Trips, CBD and Traditional Medicines: Concepts and Questions. Report of an ASEAN Workshop on the TRIPS Agreement and Traditional Medicine, Jakarta, February 2001
(2001; 88 pages)
Table of Contents
View the documentEXECUTIVE SUMMARY
View the documentI. INTRODUCTION
Open this folder and view contentsII. CONTEXT
Open this folder and view contentsIII. KEY INTERNATIONAL AGREEMENTS
Open this folder and view contentsIV. IPR & TRADITIONAL MEDICINE: MISMATCH
Open this folder and view contentsV. CONCEPTS, OBJECTIVES AND CONFLICTS
Open this folder and view contentsVI. OPTIONS AND CHOICES
Open this folder and view contentsVII. POLICIES AND STRATEGIES
Close this folderVIII. EXAMPLES
Open this folder and view contents8.1 Costa Rica's Biodiversity Law and Bioprospecting Agreements
View the document8.2 Legal Protection of Traditional Medicine and Knowledge in Thailand
View the document8.3 Philippines: Acts on Indigenous Peoples' Rights & Traditional Medicine
View the document8.4 The OAU's Model Law on Community Rights and Access to Biological Resources
View the document8.5 The Community Protocol and the draft ASEAN Framework Agreement on Access to Biological and Genetic Resources
View the documentANNEX A - Workshop Agenda
View the documentANNEX B - Opening Remarks
View the documentANNEX C - Selected Articles of the Convention on Biological Diversity
View the documentANNEX D - List of Participants

8.2 Legal Protection of Traditional Medicine and Knowledge in Thailand

Thailand currently has five laws for the protection of IPR: the Patent Act 1979, the Copyright Act 1994, the Trademarks Act 1991, the Plant Variety Protection Act 1999, and the Protection of Layout-Designs of Integrated Circuits Act 2000. Legislation is being developed for protecting undisclosed information and geographical indications. In Thailand, since about 10 years, there is a socio-political movement to recognize community rights and to protect traditional knowledge. This has facilitated the enactment of an Act dedicated to the protection of traditional medicinal knowledge, since it was felt that 'mainstream' IPR legislation does not protect such knowledge sufficiently. In addition, the Thai Plant Variety Protection Act 1999 also contains provisions aimed at protecting traditional knowledge.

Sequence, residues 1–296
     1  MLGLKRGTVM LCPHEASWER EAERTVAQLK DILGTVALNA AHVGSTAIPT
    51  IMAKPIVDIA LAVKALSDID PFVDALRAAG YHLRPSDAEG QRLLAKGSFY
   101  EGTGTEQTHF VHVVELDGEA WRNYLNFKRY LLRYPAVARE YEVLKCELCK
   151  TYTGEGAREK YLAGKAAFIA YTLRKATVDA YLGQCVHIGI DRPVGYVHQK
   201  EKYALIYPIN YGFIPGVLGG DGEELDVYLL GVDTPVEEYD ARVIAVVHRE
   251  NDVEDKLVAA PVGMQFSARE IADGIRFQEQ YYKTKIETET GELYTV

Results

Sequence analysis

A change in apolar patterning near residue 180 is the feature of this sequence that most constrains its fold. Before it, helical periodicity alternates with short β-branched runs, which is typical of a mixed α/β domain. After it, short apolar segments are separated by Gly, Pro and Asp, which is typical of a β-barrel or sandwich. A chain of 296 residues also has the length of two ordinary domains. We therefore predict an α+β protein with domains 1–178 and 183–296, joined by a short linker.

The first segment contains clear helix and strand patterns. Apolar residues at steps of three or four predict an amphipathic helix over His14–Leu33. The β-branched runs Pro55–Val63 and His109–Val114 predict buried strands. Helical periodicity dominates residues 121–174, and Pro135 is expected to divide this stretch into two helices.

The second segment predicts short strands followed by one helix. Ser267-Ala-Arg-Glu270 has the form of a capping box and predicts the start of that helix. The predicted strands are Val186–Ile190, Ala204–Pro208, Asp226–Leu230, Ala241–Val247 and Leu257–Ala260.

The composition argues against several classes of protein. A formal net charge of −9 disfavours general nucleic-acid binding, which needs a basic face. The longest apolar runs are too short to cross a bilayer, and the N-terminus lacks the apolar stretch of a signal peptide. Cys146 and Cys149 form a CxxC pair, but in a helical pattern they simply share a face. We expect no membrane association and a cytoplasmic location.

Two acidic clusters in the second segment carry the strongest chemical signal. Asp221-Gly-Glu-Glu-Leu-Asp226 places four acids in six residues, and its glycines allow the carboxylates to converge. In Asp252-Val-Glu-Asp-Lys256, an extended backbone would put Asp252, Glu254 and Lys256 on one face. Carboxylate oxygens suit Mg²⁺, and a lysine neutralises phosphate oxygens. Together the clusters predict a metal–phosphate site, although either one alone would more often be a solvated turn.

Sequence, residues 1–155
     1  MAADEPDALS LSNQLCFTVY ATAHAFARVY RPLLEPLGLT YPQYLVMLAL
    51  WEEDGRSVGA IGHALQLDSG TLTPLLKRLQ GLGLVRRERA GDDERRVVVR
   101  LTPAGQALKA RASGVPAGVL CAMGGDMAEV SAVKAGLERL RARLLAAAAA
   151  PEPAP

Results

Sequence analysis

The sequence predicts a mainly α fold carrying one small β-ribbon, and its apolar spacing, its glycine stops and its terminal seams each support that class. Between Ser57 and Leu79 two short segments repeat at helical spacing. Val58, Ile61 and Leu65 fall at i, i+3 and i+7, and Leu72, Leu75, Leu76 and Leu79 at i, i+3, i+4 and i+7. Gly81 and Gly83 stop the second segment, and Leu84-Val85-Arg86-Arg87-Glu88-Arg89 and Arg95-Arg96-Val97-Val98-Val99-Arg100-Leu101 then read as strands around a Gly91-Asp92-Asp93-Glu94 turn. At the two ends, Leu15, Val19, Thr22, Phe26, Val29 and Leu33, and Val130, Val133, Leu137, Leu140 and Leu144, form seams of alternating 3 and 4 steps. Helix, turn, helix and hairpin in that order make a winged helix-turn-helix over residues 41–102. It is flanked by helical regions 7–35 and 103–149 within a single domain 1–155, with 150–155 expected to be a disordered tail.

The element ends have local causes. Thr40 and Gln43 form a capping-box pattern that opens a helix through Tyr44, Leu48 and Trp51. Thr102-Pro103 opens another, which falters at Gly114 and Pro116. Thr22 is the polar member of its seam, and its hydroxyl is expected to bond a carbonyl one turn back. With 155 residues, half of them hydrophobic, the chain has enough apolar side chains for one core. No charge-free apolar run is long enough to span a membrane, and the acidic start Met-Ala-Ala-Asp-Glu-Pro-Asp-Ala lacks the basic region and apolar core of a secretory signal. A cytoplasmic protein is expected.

The Act on Protection and Promotion of Thai Traditional Medicinal Intelligence

Recently, Thailand has adopted a law to protect traditional knowledge in the field of medicines: the Thai Traditional Medicinal Intelligence Act 1999, which is under the supervision of the Ministry of Public Health. This Act is an example of sui generis legislation. Its main objectives are to reward traditional healers for their continuing contribution to health and health care, to create incentives for maintaining traditional medicinal knowledge, to set up a system for conservation and for regulation of access to biological resources and -traditional medicinal knowledge, and to undertake effective action to curb the destruction of species, habitats and ecosystems.